Leaking Data, Not Oil, for 10 Years

Toyota's ancient and recently disclosed data leaks

Blog Leaking Data, Not Oil, for 10 Years

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Five years is how long a data leak exposed the email addresses and management numbers of about 300,000 of Toyota Motor Corporation's customers. The firm disclosed this on October 7 last year. What happened was that part of the T-Connect site source code publicly available on GitHub had an access key for the T-Connect customer database.

Almost ten years is how long a data leak exposed the car-location information of more than 2 million of Toyota's customers. The firm disclosed this only on May 12 this year. A cloud misconfiguration allowed accessing the contents of a database without requiring a password.

And eight years is how long yet another data leak exposed vehicle data and customer information of over 260,000 of Toyota's customers. The firm disclosed this on May 31. It found out about the leak in the couple of weeks checking its cloud environments for misconfigurations following the previous discovery.

Let's see the known details of each one of these leaks.

Oops! That shouldn't have been there

A bit of background: Toyota Connected Corporation offers a service called T-Connect, whose application allows customers to know their vehicle's status, control systems like door locks and air-conditioner, and access entertainment, navigation and customer service options. The leaks described affected users of this product.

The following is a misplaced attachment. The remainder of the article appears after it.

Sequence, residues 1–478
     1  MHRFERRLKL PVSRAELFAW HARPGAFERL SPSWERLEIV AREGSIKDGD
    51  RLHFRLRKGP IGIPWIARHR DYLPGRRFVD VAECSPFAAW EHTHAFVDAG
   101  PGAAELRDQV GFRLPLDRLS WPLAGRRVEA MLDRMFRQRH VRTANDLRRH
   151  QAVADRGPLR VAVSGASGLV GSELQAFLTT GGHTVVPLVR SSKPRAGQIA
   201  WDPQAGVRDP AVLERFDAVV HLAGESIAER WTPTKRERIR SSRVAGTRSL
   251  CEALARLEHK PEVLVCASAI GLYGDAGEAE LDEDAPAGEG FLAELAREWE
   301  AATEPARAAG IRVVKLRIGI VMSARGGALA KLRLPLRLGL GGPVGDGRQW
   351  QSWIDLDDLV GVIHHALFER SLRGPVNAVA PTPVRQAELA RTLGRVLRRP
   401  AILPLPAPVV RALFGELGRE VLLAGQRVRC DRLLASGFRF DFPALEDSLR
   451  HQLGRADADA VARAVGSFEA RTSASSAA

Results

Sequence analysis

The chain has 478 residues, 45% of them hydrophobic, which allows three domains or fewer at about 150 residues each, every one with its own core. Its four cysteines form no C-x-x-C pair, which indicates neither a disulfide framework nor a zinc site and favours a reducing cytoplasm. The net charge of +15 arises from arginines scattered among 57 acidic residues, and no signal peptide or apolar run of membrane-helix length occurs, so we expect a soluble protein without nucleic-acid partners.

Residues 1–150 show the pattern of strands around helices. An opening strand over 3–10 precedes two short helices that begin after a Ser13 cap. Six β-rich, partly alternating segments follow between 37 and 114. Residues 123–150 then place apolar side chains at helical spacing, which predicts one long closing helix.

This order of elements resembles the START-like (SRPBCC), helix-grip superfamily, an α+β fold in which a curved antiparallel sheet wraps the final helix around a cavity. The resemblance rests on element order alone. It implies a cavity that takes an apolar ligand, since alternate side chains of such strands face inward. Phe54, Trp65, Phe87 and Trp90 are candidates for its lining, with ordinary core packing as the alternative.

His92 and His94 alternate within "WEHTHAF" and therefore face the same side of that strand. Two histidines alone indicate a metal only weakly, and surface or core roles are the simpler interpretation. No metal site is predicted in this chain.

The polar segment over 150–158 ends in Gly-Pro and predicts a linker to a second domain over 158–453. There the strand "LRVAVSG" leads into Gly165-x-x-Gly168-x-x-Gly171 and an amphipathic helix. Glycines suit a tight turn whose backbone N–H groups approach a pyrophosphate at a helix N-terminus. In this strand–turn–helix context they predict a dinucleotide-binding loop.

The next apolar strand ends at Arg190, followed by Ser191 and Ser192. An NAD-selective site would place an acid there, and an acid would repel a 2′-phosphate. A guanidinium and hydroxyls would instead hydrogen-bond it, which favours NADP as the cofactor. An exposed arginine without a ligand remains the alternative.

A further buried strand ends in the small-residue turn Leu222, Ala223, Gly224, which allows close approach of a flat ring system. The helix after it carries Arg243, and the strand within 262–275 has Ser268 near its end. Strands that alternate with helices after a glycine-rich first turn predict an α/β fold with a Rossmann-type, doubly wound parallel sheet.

Let's first talk about the earliest announcement, which happens to be about the most recent blunder. The development of the T-Connect website has been in charge of subcontractors, who left in the source code an access key to a customer database. This was available to everyone on GitHub from December 2017, until September 15, 2022, when the leak was discovered. The code was made private on that second date, and the access keys were changed two days later.

In the leaked database there were 296,019 cases of email addresses from customers registered to the website between July 2017 and the date of discovery. There were also the corresponding numbers that are assigned to customers for management purposes. Toyota reported that it could neither confirm nor deny whether the data was accessed and stolen by malicious hackers. It warned its customers that they could be the target of spoofing and phishing attacks, though. Also, it created a form in its website where users could see if their email was compromised, and opened a dedicated call center.

So let's see the security issue here. Unfortunately, it's really not something uncommon, as we've noted elsewhere, to find credentials stored in source code during security testing. There may be reasons why this practice is being kept up (e.g., making it easier and quicker for devs to access assets and services and update configurations in early development stages). But, in any case, it should be noticed during development and eliminated before deployment. What's more, developers should be aware of how risky this practice is. Now, the responsibility of those devs aside, why did it take Toyota so long to find out about this leak? This is one of the pieces missing from what has been reported. It seems, though, like no automated nor penetration testing were done in all those years. For five years their customers may have been receiving scams. But five years is only the shortest-lived leak discussed in this blog post.

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A check ten years overdue